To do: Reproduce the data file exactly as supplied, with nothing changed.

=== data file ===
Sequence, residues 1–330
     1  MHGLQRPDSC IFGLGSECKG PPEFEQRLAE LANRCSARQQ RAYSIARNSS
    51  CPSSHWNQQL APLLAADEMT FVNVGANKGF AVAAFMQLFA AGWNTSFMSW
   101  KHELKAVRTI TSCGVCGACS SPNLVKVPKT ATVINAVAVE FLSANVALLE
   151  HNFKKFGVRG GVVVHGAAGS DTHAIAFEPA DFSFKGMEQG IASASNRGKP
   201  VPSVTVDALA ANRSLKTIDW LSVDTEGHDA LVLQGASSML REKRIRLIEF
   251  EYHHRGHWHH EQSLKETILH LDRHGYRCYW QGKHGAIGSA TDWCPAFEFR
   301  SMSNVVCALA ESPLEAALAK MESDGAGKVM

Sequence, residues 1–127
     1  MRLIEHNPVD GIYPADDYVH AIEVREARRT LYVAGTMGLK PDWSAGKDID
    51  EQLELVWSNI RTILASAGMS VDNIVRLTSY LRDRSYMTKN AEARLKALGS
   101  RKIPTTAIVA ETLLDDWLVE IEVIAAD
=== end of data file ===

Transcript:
Sequence, residues 1–330
     1  MHGLQRPDSC IFGLGSECKG PPEFEQRLAE LANRCSARQQ RAYSIARNSS
    51  CPSSHWNQQL APLLAADEMT FVNVGANKGF AVAAFMQLFA AGWNTSFMSW
   101  KHELKAVRTI TSCGVCGACS SPNLVKVPKT ATVINAVAVE FLSANVALLE
   151  HNFKKFGVRG GVVVHGAAGS DTHAIAFEPA DFSFKGMEQG IASASNRGKP
   201  VPSVTVDALA ANRSLKTIDW LSVDTEGHDA LVLQGASSML REKRIRLIEF
   251  EYHHRGHWHH EQSLKETILH LDRHGYRCYW QGKHGAIGSA TDWCPAFEFR
   301  SMSNVVCALA ESPLEAALAK MESDGAGKVM

Sequence, residues 1–127
     1  MRLIEHNPVD GIYPADDYVH AIEVREARRT LYVAGTMGLK PDWSAGKDID
    51  EQLELVWSNI RTILASAGMS VDNIVRLTSY LRDRSYMTKN AEARLKALGS
   101  RKIPTTAIVA ETLLDDWLVE IEVIAAD